Harry and I attended the Open Knowledge Festival in Helsinki last week. Harry attended the CKAN sessions, while I was invited to be on a panel discussing ‘Immediate Access to Raw Data from Experiments’, which was part of the Open Research and Education stream of events. None of the panel members gave presentations as such, but you can read my notes and the session was recorded, too. Here’s all 46 minutes of it for your viewing pleasure.
The festival/conference was probably the best conference I’ve ever been to. It was completely sold out with 800 delegates and about 1000 participants in total. It was very international with many participants from outside the EU. It seemed like a genuine effort had been made to ensure that people from Africa, Asia and South America could attend, with some bursaries available. The conference programme, over five days, was largely crowdsourced in the run up to the event, and this made the programme very diverse, reflecting the diversity of interests people have in ‘openness’. It was also reassuring to find that despite the huge enthusiasm for openness in many aspects of public and civil society, people are also keenly aware of the challenges and issues that this raises, too, and ultimately the political ramifications of this endeavour.
The conference also seemed very well funded/sponsored, with support from the Finish government, among many partners. The event was held at the fantastic Arabia Campus of the Aalto University, School of Art, Design and Architecture. When I visited Helsinki in 2008 for a conference about the design of learning spaces, delegates were bused up to the Arabia campus simply to see what a great place it is!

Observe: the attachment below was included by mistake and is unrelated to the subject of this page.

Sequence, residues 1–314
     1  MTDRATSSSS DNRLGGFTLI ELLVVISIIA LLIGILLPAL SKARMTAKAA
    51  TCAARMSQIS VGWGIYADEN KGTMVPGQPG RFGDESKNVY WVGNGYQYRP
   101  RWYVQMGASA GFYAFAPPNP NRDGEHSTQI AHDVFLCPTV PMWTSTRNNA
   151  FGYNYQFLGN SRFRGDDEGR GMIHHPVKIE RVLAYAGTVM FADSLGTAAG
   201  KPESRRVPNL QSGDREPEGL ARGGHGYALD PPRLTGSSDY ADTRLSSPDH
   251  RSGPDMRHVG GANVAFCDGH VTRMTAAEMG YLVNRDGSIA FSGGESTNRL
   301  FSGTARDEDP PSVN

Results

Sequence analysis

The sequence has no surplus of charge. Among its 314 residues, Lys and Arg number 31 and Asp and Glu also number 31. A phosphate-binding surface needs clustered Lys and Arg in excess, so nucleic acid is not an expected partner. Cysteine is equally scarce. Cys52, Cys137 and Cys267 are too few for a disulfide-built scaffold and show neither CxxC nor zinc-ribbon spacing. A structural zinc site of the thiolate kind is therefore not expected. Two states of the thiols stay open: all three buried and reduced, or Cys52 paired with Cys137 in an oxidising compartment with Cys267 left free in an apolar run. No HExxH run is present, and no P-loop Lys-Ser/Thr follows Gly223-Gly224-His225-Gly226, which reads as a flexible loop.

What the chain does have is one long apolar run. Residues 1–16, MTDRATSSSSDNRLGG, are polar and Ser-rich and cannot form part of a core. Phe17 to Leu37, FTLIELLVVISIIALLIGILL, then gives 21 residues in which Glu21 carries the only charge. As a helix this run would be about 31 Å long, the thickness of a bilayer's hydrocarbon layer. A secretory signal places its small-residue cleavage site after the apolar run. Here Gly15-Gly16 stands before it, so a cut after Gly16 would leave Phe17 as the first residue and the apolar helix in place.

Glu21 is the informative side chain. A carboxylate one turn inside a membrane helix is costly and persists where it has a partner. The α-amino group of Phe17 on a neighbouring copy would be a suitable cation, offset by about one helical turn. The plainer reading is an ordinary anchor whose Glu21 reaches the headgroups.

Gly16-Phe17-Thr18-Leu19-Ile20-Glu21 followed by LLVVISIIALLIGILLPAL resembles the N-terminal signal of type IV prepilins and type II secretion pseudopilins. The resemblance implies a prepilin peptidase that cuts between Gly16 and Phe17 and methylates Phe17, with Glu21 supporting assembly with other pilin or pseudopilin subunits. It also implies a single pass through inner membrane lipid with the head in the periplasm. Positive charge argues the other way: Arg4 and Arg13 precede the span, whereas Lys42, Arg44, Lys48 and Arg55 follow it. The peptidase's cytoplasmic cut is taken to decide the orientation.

As well as participating in the above panel, I also got involved in the drafting of the ‘Open Research Data Handbook‘, which is a collaborative exercise in writing a handbook aimed at researchers who work with data. It’s my intention that the Orbital project commits some time to this and ultimately produces a Handbook useful for all researchers and possibly a variant for Lincoln researchers, too. I ensured that the authors of the Handbook are all aware of the DCC’s work as well as the various JISC-funded projects to produce training and guidance for researchers and I suspect that the Handbook will largely be a synthesis of sources which are already available.
Finally, I learned about the Panton Fellowships that the Open Knowledge Foundation have awarded this year, and both Fellows presented on their work. I think this is an excellent initiative from the OKFN to create a strong and direct tie with academia and support further research and action in our community. You can see both presentations from the Panton Fellows here and here.